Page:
Web Scraping – Liability for Harvesting Data
How can I protect my company’s website data? Can a company (or an individual) use information on my website to its advantage?
Web scraping, web harvesting, or web data extraction are all terms used to describe the process of extracting data from websites. This process is common on the internet and typically done with code specifically designed to target the particular website or its underlying data set. One familiar example is Kayak, a travel listing company which collects travel data in real time to offer visitors a place where they can view various travel deals all in one place. A more obvious example is Google, a platform that actively searches websites for new information, and compiles it in a list on its own platform (in a sense, the founder of Google made billions of dollars off web scraping).
Platforms like Kayak and Google are usually invited by companies (i.e. – a product seller wants Google to find and list its product) and equally appreciated by consumers, who benefit from having the information all in one place. Of course, these platforms are so prevalent that we, as internet users, encounter them on a daily basis. The benefits of web scraping do not end there as many individuals and/or companies utilize this method to easily extract and compile their own website data. But what happens when a company does not want its data taken and used by another?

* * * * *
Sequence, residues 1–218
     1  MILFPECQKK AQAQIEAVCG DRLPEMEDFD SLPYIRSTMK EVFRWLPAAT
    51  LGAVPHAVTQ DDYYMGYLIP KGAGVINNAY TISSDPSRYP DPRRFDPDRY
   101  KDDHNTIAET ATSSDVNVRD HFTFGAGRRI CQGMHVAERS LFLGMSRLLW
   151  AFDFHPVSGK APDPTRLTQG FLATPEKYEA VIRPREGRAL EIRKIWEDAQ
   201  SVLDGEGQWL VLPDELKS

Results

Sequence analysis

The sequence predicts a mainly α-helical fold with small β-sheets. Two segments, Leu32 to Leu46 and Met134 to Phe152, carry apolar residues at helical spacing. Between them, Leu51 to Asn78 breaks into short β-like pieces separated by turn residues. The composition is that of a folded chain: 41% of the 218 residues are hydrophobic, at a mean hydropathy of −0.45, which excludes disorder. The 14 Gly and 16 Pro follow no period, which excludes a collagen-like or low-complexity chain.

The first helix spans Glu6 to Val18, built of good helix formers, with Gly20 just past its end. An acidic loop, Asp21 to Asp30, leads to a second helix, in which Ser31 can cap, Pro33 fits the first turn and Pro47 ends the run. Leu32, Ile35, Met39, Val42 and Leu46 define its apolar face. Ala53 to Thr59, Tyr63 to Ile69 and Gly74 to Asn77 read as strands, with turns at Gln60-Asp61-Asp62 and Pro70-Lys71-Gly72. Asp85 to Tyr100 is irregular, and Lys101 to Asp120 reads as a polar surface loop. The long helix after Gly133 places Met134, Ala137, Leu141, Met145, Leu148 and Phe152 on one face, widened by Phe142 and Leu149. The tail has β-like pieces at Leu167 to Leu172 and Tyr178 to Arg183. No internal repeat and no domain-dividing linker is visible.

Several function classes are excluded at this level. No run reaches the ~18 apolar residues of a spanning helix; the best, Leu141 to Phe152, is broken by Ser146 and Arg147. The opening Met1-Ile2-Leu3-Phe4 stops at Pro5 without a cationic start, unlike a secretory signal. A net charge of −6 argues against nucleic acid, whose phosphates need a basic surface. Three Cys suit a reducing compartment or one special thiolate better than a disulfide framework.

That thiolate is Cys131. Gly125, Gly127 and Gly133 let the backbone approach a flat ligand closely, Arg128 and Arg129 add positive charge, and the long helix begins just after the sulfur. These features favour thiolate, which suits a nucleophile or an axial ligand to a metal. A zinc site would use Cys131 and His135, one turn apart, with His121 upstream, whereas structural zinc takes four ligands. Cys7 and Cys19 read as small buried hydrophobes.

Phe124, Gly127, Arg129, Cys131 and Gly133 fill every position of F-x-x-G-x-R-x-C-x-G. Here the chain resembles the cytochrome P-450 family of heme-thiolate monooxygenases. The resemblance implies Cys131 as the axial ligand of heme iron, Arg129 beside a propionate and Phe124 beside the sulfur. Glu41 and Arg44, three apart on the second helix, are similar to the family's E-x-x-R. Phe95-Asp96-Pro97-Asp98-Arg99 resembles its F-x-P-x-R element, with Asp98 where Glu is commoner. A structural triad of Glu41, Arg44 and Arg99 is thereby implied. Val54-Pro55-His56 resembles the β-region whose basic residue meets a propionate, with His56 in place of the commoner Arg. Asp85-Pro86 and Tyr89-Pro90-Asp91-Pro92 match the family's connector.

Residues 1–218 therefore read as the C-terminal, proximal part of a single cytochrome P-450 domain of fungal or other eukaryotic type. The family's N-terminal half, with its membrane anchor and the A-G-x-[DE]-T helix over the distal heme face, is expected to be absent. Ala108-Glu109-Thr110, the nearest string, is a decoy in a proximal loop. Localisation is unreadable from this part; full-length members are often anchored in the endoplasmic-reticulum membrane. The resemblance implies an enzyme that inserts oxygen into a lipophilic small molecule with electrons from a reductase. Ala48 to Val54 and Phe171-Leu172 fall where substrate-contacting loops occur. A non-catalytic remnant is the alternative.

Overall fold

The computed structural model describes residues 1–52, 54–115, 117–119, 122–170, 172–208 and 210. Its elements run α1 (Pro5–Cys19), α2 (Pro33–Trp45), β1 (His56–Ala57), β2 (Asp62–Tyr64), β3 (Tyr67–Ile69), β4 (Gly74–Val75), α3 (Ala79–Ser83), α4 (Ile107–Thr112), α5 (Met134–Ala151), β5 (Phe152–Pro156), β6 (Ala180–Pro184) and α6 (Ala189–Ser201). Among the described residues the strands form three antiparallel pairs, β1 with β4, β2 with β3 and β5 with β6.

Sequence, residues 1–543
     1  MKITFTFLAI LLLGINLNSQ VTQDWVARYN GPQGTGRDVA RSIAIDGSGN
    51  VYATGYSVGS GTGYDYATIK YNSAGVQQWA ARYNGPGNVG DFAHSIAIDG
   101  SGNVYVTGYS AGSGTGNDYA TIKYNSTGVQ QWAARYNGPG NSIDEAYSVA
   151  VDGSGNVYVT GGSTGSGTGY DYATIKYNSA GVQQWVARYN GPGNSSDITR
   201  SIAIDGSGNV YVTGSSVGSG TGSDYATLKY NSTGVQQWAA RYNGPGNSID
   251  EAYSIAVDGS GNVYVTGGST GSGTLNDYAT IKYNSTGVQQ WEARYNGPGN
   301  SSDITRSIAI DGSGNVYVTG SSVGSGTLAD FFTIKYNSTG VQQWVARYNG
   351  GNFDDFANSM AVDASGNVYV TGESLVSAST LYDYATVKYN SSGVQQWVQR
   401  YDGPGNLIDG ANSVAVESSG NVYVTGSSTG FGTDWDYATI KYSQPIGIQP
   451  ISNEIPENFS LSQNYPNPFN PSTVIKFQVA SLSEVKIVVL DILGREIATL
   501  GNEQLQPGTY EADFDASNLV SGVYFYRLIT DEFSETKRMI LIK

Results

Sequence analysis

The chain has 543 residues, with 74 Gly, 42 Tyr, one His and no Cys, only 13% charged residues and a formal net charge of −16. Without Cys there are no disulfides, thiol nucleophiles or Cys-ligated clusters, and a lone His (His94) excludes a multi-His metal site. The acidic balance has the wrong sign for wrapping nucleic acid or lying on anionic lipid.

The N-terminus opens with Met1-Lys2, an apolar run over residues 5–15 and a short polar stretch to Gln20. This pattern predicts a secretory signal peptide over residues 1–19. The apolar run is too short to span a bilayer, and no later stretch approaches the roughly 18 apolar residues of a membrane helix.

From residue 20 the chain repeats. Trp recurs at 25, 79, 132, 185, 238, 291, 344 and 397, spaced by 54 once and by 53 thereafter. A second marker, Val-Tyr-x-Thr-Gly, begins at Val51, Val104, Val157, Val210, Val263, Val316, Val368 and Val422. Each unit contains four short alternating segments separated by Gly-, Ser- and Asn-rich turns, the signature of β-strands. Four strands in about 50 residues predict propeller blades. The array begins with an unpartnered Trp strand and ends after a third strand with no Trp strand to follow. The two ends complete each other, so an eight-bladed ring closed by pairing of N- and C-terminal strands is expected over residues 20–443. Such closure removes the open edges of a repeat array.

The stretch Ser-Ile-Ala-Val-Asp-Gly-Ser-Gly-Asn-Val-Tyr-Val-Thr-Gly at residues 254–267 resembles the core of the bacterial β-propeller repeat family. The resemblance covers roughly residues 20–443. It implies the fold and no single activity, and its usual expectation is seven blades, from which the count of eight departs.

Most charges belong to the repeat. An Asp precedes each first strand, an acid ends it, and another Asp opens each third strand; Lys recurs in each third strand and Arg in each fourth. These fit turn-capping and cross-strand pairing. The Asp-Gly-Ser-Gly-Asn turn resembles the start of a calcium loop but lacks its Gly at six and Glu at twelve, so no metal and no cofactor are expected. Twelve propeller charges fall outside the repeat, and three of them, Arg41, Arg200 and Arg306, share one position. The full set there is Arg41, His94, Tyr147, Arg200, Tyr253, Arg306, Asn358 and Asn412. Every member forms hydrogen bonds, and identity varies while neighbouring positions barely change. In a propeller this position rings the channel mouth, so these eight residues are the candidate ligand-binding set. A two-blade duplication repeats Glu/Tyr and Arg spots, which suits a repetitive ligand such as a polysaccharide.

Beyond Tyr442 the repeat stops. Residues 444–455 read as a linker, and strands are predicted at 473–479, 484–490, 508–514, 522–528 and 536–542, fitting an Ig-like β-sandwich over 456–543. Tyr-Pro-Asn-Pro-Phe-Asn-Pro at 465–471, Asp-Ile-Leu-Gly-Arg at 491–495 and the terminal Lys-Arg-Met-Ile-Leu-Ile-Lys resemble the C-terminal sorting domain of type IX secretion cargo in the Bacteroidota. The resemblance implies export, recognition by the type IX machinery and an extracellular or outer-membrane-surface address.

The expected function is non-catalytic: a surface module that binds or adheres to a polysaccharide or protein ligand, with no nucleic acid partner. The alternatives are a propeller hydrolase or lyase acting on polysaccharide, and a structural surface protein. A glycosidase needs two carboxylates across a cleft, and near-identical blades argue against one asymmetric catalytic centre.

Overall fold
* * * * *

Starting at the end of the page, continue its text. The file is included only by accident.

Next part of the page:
The answer to this question, like most good legal questions, is that it depends. A brief search for cases related to web scraping in South Carolina fails to turn up any cases. Nonetheless, the law of other jurisdictions, federal law, and pre-existing legal theories act as guides to determine how a South Carolina court will treat unauthorized web scraping. One such example is trespass to chattels, which protects against unauthorized use of someone’s personal property, such as computer servers. Another example is the Computer Fraud and Abuse Act, which creates civil and criminal liability for intentionally accessing a computer without authorization or exceeding authorized access and thereby obtaining information from the protected computer. Other causes of action, such as ones based in copyright or contract (the “terms of service” governing your visit to the website) may also create civil liability for scraping the data of a website.
If you have a website with data that you would like to keep private, there are fundamental steps that you must take. Speak with an attorney to ensure that you are protected in the event that someone extracts data from your website without your permission. Alternatively, if you are looking to scrape data from a website, whether for commercial gain or not, consult an attorney to see what steps, if any, can be taken to prevent you from civil liability.